Authentic Performance Activities facilitate a student's understanding of a lesson's usefulness in real life. They are also an Understanding by Design (UbD) assessment tool. Focus questions act as pre- and post-assessment indicators of the activity's effectiveness.
1. Why do we learn about the classification of animals?
2. Does knowing which animals are grouped together help you understand those animals a little better?
3. How can knowing the classification of animals help the environment, society, tourism, our ability to get a job?
4. Is there a connection between this "job" and preserving biodiversity of species?
You are a conservation officer hired to make sure snorkelers do not take and sell endangered coral reef animals. When you catch a potential poacher with their illegal catch, you have to classify it for your report. Look at the following coral reef creatures. Using the classification chart below, identify each animal by its Class and Phylum.
As a follow up activity, make a poster warning against collection and identifying coral reef species that might be found while snorkeling. Use the Animals by Classification Index to identify species for your poster.
Classification Flip Charts
Do you need a visual aid in the classroom to help teach about classification? Try the Classification of Living Things Flip Chart Set.
Each Curriculum Mastery Flip Chart is mounted on a sturdy easel and features: • 10 Double-sided, laminated 12" x 18" charts
– Side 1 features a colorful, graphic overview of the topic
– Side 2 serves as a "write-on/wipe-off" activity chart featuring questions, labeling exercises, vocabulary review & more!
• Activity Guide featuring black-line copy-masters & exercises
Set Includes the following 10 charts:
1. Classification of Living Things
2. The Animal Kingdom
9. Sharks and Rays
New Generation of Science Standards (NGSS) - Middle School Life Science
Disciplinary Core Ideas
LS2.A: Interdependent Relationships in Ecosystems
• Organisms, and populations of organisms, are dependent on their environmental interactions both with other living things and with nonliving factors. (MS-LS2-1)
• In any ecosystem, organisms and populations with similar requirements for food, water, oxygen, or other resources may compete with each other for limited resources, access to which consequently constrains their growth and reproduction. (MS-LS2-1)
• Growth of organisms and population increases are limited by access to resources. (MS-LS2-1)
• Similarly, predatory interactions may reduce the number of organisms or eliminate whole populations of organisms. Mutually beneficial interactions, in contrast, may become so interdependent that each organism requires the other for survival. Although the species involved in these competitive, predatory, and mutually beneficial interactions vary across ecosystems, the patterns of interactions of organisms with their environments, both living and nonliving, are shared. (MS-LS2-2)
LS2.C: Ecosystem Dynamics, Functioning, and Resilience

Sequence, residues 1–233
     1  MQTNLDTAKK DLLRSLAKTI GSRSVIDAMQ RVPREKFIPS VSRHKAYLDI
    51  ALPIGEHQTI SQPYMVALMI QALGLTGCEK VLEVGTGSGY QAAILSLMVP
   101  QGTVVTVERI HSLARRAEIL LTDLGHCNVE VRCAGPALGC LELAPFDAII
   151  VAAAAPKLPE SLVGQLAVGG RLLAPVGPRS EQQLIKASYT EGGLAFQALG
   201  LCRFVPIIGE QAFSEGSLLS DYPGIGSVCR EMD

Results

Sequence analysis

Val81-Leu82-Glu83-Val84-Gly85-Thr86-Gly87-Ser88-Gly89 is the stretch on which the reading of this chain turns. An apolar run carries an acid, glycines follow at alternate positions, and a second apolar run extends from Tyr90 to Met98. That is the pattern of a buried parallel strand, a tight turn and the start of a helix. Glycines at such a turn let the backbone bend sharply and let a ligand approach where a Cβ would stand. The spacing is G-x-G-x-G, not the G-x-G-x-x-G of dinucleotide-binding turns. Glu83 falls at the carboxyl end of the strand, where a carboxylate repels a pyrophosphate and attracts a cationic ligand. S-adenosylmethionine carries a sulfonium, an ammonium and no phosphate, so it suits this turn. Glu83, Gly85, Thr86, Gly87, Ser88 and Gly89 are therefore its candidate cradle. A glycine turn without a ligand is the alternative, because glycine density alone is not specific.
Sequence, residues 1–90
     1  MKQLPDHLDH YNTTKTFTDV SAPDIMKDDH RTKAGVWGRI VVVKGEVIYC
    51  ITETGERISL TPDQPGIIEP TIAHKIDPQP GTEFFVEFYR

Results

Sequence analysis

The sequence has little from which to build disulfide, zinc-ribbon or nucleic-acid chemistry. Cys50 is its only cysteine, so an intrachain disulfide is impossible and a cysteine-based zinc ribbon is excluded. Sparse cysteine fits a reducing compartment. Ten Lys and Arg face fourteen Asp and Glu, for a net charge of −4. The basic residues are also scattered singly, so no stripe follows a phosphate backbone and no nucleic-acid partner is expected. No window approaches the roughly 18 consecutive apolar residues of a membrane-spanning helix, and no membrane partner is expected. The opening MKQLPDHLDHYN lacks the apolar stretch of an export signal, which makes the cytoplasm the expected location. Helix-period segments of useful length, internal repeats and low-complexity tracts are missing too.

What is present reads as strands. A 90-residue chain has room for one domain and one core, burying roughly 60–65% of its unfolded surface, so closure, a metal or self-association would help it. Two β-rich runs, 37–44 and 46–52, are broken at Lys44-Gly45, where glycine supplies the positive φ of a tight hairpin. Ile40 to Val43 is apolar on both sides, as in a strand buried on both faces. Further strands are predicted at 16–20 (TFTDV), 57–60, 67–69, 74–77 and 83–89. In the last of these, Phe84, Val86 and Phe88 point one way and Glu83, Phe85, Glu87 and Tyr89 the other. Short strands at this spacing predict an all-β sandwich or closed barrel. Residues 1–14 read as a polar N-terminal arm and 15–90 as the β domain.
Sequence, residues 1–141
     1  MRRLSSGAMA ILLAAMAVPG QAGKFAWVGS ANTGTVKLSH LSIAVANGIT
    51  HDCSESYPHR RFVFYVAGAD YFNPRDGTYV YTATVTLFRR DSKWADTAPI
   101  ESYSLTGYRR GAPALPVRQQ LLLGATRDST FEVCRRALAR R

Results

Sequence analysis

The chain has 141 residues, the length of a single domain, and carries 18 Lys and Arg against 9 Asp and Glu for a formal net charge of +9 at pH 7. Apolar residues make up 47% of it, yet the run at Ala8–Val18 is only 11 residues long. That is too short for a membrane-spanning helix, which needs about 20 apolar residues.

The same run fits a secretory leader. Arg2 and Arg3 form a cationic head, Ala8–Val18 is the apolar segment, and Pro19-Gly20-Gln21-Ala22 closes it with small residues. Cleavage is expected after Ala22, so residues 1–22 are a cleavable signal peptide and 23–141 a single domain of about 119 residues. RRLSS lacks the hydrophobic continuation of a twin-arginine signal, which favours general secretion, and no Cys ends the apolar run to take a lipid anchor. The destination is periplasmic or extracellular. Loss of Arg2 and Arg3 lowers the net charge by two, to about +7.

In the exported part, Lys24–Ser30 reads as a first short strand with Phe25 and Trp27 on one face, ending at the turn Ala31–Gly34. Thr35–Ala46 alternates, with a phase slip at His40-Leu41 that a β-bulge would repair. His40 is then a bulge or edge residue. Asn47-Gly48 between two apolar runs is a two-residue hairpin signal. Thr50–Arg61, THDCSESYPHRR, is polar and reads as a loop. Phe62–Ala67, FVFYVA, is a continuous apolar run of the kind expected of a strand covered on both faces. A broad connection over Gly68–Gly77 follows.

• Ecosystems are dynamic in nature; their characteristics can vary over time. Disruptions to any physical or biological component of an ecosystem can lead to shifts in all its populations. (MS-LS2-4)
• Biodiversity describes the variety of species found in Earth’s terrestrial and oceanic ecosystems. The completeness or integrity of an ecosystem’s biodiversity is often used as a measure of its health. (MS-LS2-5)
LS4.D: Biodiversity and Humans
• Changes in biodiversity can influence humans’ resources, such as food, energy, and medicines, as well as ecosystem services that humans rely on—for example, water purification and recycling. (secondary to MS-LS2-5)
Science and Engineering Practices (NGSS)
Developing and Using Models
Modeling in 6–8 builds on K–5 experiences and progresses to developing, using, and revising models to describe, test, and predict more abstract phenomena and design systems.
• Develop and use a model to describe phenomena. (MS-LS2-3)
Constructing Explanations and Designing Solutions
Constructing explanations and designing solutions in 6–8 builds on K–5 experiences and progresses to include constructing explanations and designing solutions supported by multiple sources of evidence consistent with scientific ideas, principles, and theories.
• Construct an explanation that includes qualitative or quantitative relationships between variables that predict phenomena. (MS-LS2-2)
Crosscutting Concepts (NGSS)
• Patterns can be used to identify cause and effect relationships. (MS-LS2-2)
Cause and Effect
• Cause and effect relationships may be used to predict phenomena in natural systems. (MS-LS1-8)
• Phenomena may have more than one cause, and some cause and effect relationships in systems can only be described using probability. (MS-LS1-4),(MS-LS1-5)
Students who demonstrate understanding can:
MS-LS2-5. Evaluate competing design solutions for maintaining biodiversity and ecosystem services.* [Clarification Statement: Examples of ecosystem services could include water purification, nutrient recycling, and prevention of soil erosion. Examples of design solution constraints could include scientific, economic, and social considerations.]
When you research information you must cite the reference. Citing for websites is different from citing from books, magazines and periodicals. The style of citing shown here is from the MLA Style Citations (Modern Language Association).
When citing a WEBSITE the general format is as follows.
Author Last Name, First Name(s). "Title: Subtitle of Part of Web Page, if appropriate." Title: Subtitle: Section of Page if appropriate. Sponsoring/Publishing Agency, If Given. Additional significant descriptive information. Date of Electronic Publication or other Date, such as Last Updated. Day Month Year of access < URL >.
Amsel, Sheri. "Classification - Authentic Performance Activity" Exploring Nature Educational Resource ©2005-2017. February 20, 2017
< http://exploringnature.org/db/view/1297 >